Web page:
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Endalamaw, Abraham; Bolton, W. Robert; Young-Robertson, Jessica M.; Morton, Don; Hinzman, Laryy; Nijssen, Bart (2017)
Languages: English
Types: 0038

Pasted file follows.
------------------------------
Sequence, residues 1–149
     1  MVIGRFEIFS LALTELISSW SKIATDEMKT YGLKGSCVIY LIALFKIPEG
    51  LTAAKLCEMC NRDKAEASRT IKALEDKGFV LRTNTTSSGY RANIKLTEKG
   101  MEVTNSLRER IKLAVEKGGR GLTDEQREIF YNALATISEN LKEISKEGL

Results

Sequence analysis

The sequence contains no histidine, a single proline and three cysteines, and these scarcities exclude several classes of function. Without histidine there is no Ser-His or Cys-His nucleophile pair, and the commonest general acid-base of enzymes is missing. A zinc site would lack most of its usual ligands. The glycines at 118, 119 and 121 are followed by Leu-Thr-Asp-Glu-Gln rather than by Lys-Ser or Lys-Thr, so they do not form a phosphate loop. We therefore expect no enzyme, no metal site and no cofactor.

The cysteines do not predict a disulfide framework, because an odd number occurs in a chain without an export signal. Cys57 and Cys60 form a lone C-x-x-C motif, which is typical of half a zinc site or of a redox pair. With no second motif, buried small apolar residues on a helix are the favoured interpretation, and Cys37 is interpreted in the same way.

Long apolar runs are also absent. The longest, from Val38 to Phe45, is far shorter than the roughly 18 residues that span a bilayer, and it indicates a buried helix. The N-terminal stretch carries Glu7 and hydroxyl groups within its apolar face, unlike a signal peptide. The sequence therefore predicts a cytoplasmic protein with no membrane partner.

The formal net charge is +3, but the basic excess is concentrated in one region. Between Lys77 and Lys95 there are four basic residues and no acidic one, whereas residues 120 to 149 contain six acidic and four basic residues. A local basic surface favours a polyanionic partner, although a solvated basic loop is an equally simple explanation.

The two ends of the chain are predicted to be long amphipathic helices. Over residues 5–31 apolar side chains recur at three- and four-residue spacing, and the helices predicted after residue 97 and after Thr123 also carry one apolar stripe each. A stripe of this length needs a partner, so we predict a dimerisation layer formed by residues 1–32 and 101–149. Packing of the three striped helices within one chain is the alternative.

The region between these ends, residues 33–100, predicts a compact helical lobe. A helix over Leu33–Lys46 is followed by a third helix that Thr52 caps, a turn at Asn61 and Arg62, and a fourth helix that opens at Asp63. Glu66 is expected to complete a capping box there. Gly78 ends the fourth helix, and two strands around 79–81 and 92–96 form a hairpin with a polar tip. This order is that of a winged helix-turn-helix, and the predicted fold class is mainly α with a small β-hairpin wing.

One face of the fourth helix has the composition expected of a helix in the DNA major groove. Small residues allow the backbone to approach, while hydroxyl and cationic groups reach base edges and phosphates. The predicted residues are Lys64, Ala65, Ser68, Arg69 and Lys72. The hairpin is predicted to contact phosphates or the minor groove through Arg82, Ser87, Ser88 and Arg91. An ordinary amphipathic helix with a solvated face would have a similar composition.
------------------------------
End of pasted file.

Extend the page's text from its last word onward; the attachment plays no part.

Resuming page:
Modeling hydrological processes in the Alaskan sub-arctic is challenging because of the extreme spatial heterogeneity in soil properties and vegetation communities. However, modeling and predicting hydrological processes is critical in this region due to its vulnerability to the effects of climate change. Coarse spatial resolution datasets used in land surface modeling poised a new challenge in simulating the spatially distributed and basin integrated processes since these datasets do not adequately represent the small-scale hydrologic, thermal and ecological heterogeneity. The goal of this study is to improve the prediction capacity of meso-scale to large-scale hydrological models by introducing a small-scale parameterization scheme, which better represents the spatial heterogeneity of soil properties and vegetation cover in the Alaskan sub-arctic. The small-scale parameterization schemes are derived from observations and fine resolution landscape modeling in the two contrasting sub-basins of the Caribou Poker Creek Research Watershed (CPCRW) in Interior Alaska: one nearly permafrost-free (LowP) and one that is permafrost-dominated (HighP). The fine resolution landscape model used in the small-scale parameterization scheme is derived from the watershed topography. We found that observed soil thermal and hydraulic properties – including the distribution of permafrost and vegetation cover heterogeneity – are better represented in the fine resolution landscape model than the coarse resolution datasets. Parameters derived from coarse resolution dataset and from the fine resolution landscape model are implemented into the Variable Infiltration Capacity (VIC) meso-scale hydrological model to simulate runoff, evapotranspiration (ET) and soil moisture in the two sub-basins of the CPCRW. Simulated hydrographs based on the small-scale parameterization capture most of the peak and low flows with similar accuracy in both sub-basins compared to the parameterization based on coarse resolution dataset. On average, small-scale parameterization improves the total runoff simulation approximately by up to 50 % in the LowP sub-basin and 10 % in the HighP sub-basin from the large-scale parameterization. This study shows that the proposed small-scale landscape model can be used to improve the performance of meso-scale hydrological models in the Alaskan sub-arctic watersheds.

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